Science, Writing and Faith: Senior Explores Passions at CUA
Alexa Doncsecz, a senior biology major with a minor in psychology, always wanted to be a writer.
“When I was five, I used to write little stories. I’ve been interested in writing for as long as I can remember.”
Her interests stretch even further. Beyond the worlds of words and science, she is also passionate about her faith. While at Catholic University, she has grown in ways she hopes to take with her into the future.
“College is such a cool opportunity. You have the resources at college to develop your passions,” she said. “You find yourself and you create yourself. You pave the road as you’re walking it.”
Doncsecz’s interest in science began in high school. While at CUA, she has had the chance to work for three years as a research assistant to Michael Mullins, professor of biology, on properties of human cells and disease. But one of the most valuable opportunities Catholic University has offered her is the chance to develop her faith, she said.
This year, she is serving as president of the campus’ chastity outreach organization, Live out Love. The group meets weekly for discussion and formation and travels off campus several times a semester to give talks on chastity to local high schools and youth groups.
“It sets a good example to have people on campus who are living that lifestyle and are happy and think it’s a beautiful thing,” she said.
Doncsecz says speaking to students is one of the most rewarding aspects of her work.
“You can see in their faces just how receptive they are to that message. That they want to be told what it is we’re telling them,” she said.
Sophomore physics major James Glasgow of Olney, Md., who is the vice president of Live out Love, said that Alexa’s leadership brings energy to the team.
“Alexa's attitude towards Live Out Love is nothing but enthusiasm. She is continually thinking up ideas to bring to our formation meetings,” Glasgow said. “Two things make Alexa a great president. First is her ability to practice what she preaches. And second, her ability to be organized and productive.”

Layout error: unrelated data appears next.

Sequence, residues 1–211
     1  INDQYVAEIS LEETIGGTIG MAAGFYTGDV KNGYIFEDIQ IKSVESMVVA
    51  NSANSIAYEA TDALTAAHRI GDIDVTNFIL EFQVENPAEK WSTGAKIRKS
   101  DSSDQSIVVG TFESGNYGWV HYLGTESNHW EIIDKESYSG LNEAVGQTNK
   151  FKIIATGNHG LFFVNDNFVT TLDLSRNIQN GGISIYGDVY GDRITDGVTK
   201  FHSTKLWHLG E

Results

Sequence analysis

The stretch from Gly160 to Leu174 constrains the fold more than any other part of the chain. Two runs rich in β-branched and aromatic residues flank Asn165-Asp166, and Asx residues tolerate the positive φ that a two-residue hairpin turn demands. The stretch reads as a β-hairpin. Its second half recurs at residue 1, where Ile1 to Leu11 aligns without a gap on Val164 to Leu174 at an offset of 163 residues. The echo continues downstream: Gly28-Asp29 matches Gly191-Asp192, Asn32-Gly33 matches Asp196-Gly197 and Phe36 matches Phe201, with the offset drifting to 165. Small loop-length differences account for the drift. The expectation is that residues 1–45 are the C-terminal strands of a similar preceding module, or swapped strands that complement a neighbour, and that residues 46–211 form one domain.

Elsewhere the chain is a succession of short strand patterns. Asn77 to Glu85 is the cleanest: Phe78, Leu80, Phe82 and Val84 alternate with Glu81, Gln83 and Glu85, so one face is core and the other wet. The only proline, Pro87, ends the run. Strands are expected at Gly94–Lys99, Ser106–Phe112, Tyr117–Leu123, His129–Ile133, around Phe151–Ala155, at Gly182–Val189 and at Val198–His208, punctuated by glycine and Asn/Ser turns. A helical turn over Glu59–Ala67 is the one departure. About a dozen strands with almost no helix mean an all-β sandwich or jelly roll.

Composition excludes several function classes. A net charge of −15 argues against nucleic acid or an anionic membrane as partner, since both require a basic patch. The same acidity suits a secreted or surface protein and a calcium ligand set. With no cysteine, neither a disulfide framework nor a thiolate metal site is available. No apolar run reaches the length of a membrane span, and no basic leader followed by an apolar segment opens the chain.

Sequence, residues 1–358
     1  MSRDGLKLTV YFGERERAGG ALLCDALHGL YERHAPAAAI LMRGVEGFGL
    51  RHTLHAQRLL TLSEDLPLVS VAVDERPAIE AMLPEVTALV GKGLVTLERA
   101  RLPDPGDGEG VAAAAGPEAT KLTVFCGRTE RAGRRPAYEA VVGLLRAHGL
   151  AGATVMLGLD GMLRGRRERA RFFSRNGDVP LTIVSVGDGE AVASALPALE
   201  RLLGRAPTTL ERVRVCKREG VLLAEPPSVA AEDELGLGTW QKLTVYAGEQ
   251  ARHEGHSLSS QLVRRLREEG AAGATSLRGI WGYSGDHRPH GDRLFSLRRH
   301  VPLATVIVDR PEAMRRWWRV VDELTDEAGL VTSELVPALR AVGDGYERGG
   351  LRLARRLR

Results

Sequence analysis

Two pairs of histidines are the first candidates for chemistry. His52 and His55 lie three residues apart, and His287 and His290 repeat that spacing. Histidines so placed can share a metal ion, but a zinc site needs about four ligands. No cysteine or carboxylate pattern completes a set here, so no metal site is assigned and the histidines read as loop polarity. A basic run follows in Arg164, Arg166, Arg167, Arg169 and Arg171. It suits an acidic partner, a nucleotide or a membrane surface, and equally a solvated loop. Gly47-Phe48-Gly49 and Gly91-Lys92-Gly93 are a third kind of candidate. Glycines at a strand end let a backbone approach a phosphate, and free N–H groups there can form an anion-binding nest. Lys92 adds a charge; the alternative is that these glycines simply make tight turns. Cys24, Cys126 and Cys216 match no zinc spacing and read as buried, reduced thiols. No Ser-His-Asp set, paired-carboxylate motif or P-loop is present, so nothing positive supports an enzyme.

During her time at CUA, Doncsecz has combined her love of writing with her knowledge of science. In her sophomore year, she founded a new publication as the editorial officer of the campus group Students for Life.
The Choice is a biannual magazine featuring student essays and articles. Each issue treats a particular contemporary topic related to morality and bioethics.
“Having a science background has been really helpful,” she said. “We need more people that have a science background in the pro-life movement because they can give the facts behind the argument.”
Currently she is working on her senior comprehensive research project in the area of microbiology, under the supervision of Venigalla Rao, professor and chairman in the Department of Biology, who has received a number of research grants, most recently one to research the development of an HIV vaccine.
“It’s great to get to work with someone who’s really making improvements in the science world, who’s doing something really visible,” Doncsecz said.
In the future, she hopes her work allows her to combine her passions, as she has during her time at CUA, she said.
“I would really like to work for a publication that combines science and writing,” she said. “My faith will be with me whatever I end up doing. It’ll be an inevitable combination.”